Shoppers would have to add Mercedes’s $4,000 Premium 1 Package and the nearly $3,000 for the Driver Assistance Package to the E350 in order to match the Equus in terms of interior tech. Those additions will bring the price of your E-Class north of $56,000 – a number that’s still less than the Equus’ price -- although Hyundai’s flagship is still arguably more car for the money. Still, Mercedes may win the hearts of some shoppers with its better interior materials and host of standard safety features. The E-Class also gets the nod from the Insurance Institute for Highway Safety, who named it an IIHS “Top Safety Pick”.

Hyundai Equus: The Details

If you want to simplify the buying process, the 2011 Hyundai Equus may well be the car for you. Hyundai will sell an Equus without shoppers ever needing to set foot on a dealer lot. Rather, interested buyers can set up an appointment, where a sales consultant will bring an Equus to their home or office for a test drive and demonstration.

And the convenience doesn’t end there, as Equus owners will likely never need to set foot inside a Hyundai service department. The automaker has set up a valet service for all scheduled maintenance, providing vehicle pickup and return by a service technician who will leave either an Equus or Genesis sedan as a loaner vehicle. Additionally, all service can be scheduled through the iPad that comes standard with each new Equus.

Also unique to the Equus is the complete lack of any options, although two trim levels are available. At $58,000 the Signature trim provides virtually every comfort and convenience feature imaginable. Both front and rear seats are heated, while the front seats also offer ventilation, and a driver’s seat massage feature. In the dash, a Lexicon surround sound audio system with 17 speakers, XM and HD radio, navigation, iPod and Bluetooth connections and push button start offer all the convenience luxury shoppers want. A backup camera with front and rear parking sensors provide added reassurance during parking maneuvers, and all Equus models come with a sunroof and dual automatic climate controls.

Materials throughout the cabin include of wood and brushed aluminum, as well as leather seating and an Alcantara headliner. Although these materials seem first-rate, some reviewers have noted that higher quality is seen elsewhere, particularly in German rivals.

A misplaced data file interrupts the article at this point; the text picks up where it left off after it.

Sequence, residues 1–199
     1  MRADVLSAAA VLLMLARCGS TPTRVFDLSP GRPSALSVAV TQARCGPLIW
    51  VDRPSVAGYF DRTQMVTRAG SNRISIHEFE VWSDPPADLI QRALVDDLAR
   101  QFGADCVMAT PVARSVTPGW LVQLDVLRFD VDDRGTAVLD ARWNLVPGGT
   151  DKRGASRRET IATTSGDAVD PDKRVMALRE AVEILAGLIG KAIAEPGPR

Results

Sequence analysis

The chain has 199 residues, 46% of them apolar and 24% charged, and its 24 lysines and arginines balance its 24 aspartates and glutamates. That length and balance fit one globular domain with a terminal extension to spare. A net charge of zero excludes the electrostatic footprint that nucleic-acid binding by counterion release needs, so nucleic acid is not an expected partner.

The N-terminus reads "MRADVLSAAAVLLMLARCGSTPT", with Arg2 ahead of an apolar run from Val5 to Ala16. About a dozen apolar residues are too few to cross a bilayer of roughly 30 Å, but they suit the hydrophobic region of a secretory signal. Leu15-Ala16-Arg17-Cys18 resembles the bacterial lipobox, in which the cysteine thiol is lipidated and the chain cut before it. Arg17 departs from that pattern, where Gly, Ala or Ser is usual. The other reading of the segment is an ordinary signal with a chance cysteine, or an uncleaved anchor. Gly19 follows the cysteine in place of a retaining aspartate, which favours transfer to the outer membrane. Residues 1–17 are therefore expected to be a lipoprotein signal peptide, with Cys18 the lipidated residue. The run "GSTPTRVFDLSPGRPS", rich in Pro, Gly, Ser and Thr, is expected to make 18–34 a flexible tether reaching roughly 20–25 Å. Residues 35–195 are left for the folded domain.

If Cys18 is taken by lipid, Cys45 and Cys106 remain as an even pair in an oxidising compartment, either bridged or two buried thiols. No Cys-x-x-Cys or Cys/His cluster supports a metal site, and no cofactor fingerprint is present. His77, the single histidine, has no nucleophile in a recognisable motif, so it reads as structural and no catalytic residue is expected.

If the interior features of the Signature-trimmed Equus aren’t as decadent as you’d like, Hyundai will gladly try to gain your interest with the $64,500 Ultimate trim, where the rear seat accommodations get even more opulent. Opt for the Ultimate trim, and seating capacity down to four. Two ‘First Class’ seats are put in the rear, as well as luxurious features such as a DVD system, a refrigerator, and a right-rear seat that features massage and a power footrest that extends at the touch of a button. Ultimate models also gain ventilated rear seats and a front-view camera, which eases parking and narrow city street maneuvers.

  • "It may be a bargain compared with an S-class, but it doesn’t hold a candle to the big Benz -- or any other premium flagship -- in cachet, sumptuousness, or dynamics. The Equus will have to overcome some serious obstacles and the image of its own brand to make headway with its intended audience. Still, with the high-tech sales and service, massive list of gadgets, and business-class back seat, Hyundai shouldn’t have any problem finding a couple thousand thrifty-minded (but not poor) buyers each year.” -- Car and Driver 
  • "The Equus is solidly engineered, remarkably quiet and indulgently comfortable, and that's on top of its exceptional feature content and relatively affordable price.” -- Edmunds 
  • "Personally, if I traded a BMW 7 Series, Audi A8, Mercedes S-Class or Jaguar XJ for this Hyundai, I’d cry myself to sleep at night. The tears would have less to do with brand prestige than with the Equus’s amorphous styling, unpersuasive interior and mild performance.” -- New York Times 
  • "I'm so Vulcanlike that I would rave about an excellent car if it came from Yugo. The product is its own entity, and this product is great. Unfortunately, American consumers aren't Vulcans (though apparently some are Kardashians), and they won't be flocking to buy a luxury car from Hyundai.” -- Cars.com